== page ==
They say, “Jaisa Raja, waisi Praja” (the people will be like the king) and the BJP is the only major political party which has desisted a dynasty at the top. (Syama Prasad Mukherjee→Deen Dayal Upadhyaya→Atal Bihari Vajpayee→LK Advani→Narendra Modi)

2014 was a disaster year for the dynasty and the climate continues to go against them. Sonia couldn’t become Prime Minister, but Rahul may never ever be in a position to stake claim to be PM in the future. The Yadavs in Uttar Pradesh drew a blank at the Lok Sabha elections in 2014 and are currently fighting their way out of power.

The JD(S) may never come to power in Karnataka while in Tamil Nadu the post-Karunanidhi scene looks bleak with too many claimants for the throne. Sasikala will also not have it that easy. Many political dynasts have already been fragmented and may see a further decline.

There are still many ruling dynasts but they will struggle to pass on to their legacies to their progenies. There is a good chance that Modi will remain Prime Minister till 2024 and change the mind set of Indians completely.

Another reason is the decline of the ruling establishment of mainstream media, liberals and intellectuals. They were the biggest reason for the pushing of dynasties as they were well-entrenched in their reward system.

In the 2010s, the people via social media are calling the shots and they are not at all enamoured by any dynasty. The biggest example is the recent American elections. Jeb Bush was a favourite with the Republican leaders while Hillary Clinton was a favourite with the entire ruling establishment.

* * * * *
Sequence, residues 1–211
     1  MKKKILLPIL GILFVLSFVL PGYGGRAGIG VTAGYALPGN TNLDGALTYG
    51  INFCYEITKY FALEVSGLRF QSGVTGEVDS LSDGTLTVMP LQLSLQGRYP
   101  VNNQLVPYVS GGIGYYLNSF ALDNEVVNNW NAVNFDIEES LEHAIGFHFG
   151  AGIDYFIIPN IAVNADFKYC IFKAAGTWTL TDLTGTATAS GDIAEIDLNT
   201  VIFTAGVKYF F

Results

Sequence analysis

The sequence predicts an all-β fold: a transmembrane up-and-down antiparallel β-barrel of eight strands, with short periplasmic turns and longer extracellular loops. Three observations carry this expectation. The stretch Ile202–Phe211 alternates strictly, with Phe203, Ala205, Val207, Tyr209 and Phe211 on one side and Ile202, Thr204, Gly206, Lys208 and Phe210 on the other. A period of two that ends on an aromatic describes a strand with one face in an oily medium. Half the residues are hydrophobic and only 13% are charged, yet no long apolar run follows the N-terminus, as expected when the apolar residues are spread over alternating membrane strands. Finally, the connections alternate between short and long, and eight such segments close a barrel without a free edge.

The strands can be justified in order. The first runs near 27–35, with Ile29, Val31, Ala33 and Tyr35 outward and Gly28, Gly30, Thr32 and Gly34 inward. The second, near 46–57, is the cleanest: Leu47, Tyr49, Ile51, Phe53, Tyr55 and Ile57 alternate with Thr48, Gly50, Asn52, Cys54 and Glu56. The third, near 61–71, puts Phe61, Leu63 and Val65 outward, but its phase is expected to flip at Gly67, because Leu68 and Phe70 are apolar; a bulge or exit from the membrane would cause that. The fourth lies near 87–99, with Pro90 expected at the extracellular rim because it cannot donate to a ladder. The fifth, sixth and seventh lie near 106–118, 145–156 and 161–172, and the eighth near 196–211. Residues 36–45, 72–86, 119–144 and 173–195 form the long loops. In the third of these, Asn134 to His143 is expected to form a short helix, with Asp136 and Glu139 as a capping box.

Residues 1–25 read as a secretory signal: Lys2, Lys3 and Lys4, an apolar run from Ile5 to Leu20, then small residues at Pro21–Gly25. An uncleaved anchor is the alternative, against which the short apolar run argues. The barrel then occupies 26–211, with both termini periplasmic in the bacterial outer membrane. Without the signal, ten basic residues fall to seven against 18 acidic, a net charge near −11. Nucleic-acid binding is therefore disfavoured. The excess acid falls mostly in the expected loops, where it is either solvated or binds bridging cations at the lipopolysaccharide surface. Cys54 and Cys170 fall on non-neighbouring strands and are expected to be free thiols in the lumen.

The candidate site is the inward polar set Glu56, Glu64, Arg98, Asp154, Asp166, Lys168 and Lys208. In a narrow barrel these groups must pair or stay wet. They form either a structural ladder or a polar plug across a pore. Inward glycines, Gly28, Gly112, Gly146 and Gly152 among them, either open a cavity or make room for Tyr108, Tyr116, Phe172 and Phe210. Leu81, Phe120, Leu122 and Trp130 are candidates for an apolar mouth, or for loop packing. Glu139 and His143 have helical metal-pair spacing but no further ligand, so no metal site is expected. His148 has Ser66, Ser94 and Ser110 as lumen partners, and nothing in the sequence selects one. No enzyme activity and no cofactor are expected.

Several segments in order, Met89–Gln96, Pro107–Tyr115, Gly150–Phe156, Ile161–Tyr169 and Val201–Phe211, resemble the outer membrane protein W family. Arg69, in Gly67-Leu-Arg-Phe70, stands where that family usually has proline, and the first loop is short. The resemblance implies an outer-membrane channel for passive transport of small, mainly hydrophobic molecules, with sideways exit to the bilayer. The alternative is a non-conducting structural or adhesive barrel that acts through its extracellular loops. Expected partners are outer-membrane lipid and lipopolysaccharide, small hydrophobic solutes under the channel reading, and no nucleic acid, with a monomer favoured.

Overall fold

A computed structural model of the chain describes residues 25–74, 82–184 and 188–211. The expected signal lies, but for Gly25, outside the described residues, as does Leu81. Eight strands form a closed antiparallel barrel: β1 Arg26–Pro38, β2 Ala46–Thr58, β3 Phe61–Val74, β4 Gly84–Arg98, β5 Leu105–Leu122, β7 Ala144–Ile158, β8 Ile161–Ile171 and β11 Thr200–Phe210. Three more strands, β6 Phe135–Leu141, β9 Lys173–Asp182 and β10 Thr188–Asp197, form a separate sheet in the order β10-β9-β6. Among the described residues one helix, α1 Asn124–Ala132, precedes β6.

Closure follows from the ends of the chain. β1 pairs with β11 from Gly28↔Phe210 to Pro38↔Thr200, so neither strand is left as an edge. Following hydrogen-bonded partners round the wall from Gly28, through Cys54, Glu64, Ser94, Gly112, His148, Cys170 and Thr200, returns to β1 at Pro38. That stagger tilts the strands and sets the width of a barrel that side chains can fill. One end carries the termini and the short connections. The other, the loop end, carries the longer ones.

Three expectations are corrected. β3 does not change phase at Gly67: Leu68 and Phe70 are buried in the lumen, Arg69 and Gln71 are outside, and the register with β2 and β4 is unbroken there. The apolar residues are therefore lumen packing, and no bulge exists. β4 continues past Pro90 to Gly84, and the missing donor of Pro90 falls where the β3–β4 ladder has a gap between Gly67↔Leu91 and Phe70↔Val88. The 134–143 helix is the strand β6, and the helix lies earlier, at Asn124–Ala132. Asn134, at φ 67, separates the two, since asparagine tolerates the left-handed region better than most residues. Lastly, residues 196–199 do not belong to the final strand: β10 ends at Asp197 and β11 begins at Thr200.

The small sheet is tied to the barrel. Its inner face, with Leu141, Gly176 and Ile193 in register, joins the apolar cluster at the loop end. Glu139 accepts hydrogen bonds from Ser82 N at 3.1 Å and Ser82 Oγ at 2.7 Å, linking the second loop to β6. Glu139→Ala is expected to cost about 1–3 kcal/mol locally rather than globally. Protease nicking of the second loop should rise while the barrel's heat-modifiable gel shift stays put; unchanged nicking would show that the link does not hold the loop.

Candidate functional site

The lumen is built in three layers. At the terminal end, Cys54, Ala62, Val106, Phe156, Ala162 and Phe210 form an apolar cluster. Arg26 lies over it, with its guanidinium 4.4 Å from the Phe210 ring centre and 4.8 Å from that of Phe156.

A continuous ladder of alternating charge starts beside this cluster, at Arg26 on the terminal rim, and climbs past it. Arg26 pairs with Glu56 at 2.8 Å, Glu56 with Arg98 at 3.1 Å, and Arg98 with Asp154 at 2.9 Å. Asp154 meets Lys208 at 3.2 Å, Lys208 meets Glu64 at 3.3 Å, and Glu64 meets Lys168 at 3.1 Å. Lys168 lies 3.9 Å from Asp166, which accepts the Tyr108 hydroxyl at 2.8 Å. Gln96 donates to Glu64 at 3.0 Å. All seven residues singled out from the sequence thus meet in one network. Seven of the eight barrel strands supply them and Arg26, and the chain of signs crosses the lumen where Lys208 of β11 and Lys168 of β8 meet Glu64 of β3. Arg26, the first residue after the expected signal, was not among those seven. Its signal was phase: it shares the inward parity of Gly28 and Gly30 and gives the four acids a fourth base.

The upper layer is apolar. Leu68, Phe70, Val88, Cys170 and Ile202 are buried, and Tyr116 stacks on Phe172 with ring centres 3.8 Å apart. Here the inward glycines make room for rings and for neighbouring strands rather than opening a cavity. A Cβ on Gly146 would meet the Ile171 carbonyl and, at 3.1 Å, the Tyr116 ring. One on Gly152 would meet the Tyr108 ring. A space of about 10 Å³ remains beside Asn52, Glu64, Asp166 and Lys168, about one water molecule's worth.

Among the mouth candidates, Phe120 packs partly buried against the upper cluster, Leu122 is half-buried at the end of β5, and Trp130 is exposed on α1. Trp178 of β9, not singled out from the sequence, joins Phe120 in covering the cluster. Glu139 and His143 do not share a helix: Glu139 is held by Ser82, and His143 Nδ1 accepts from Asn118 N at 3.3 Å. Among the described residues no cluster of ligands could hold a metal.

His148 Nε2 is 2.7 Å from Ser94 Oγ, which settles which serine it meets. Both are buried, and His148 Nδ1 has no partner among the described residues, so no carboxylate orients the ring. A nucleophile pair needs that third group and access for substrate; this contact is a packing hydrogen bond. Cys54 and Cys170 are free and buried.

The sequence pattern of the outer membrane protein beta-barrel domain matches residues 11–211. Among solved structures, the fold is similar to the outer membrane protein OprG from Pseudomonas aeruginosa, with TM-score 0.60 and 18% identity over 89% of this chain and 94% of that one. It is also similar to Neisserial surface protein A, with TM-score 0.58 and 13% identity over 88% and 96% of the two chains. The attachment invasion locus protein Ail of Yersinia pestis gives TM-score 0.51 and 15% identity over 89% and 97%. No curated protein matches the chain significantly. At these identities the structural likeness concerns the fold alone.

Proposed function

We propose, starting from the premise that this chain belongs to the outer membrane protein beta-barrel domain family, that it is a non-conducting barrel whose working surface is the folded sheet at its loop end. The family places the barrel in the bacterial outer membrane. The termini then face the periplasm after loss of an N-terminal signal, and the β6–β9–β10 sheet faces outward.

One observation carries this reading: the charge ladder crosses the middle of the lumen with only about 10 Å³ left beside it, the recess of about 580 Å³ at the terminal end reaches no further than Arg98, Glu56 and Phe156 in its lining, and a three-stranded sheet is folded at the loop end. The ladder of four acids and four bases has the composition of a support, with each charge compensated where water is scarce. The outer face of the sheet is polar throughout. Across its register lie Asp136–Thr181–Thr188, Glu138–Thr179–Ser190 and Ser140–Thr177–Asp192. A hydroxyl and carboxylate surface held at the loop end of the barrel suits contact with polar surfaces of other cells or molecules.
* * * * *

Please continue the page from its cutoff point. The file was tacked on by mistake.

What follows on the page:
From 1980-2012 (a whopping 32 years) a Bush or a Clinton was either a President or a Vice President or a Secretary of State. And the ruling establishment was predicting 8 years of Hillary but they fell flat on their face.

Donald Trump ended both the Bush and Clinton dynasties in one stroke.

In 2016 you have to earn your political post and you can’t demand it as your right. Sure the political dynasty cannot be totally eradicated but the way the Nehru-Gandhi dynasty grew like a banyan tree (in the words of Mark Tully) and allowed many other mini banyan trees at the fringes, well those days are over.

In the future you will have fewer and fewer political dynasties and what little are there will have to fight for it and earn it.

One Ring to rule them all, One Ring to find them,

One Ring to bring them all and in the darkness bind them.

That was the case when the dynasty pushed Indian politics into darkness.

But in 2014 the dynastic ring was destroyed the way it was in LOTR in Oroduin, the volcano in Mordor and a new era was unleashed in Indian politics. We are seeing the decline of the dynasty to this present day and that will continue well into the future.


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The author is a Bangalore-based journalist and blogger. He blogs here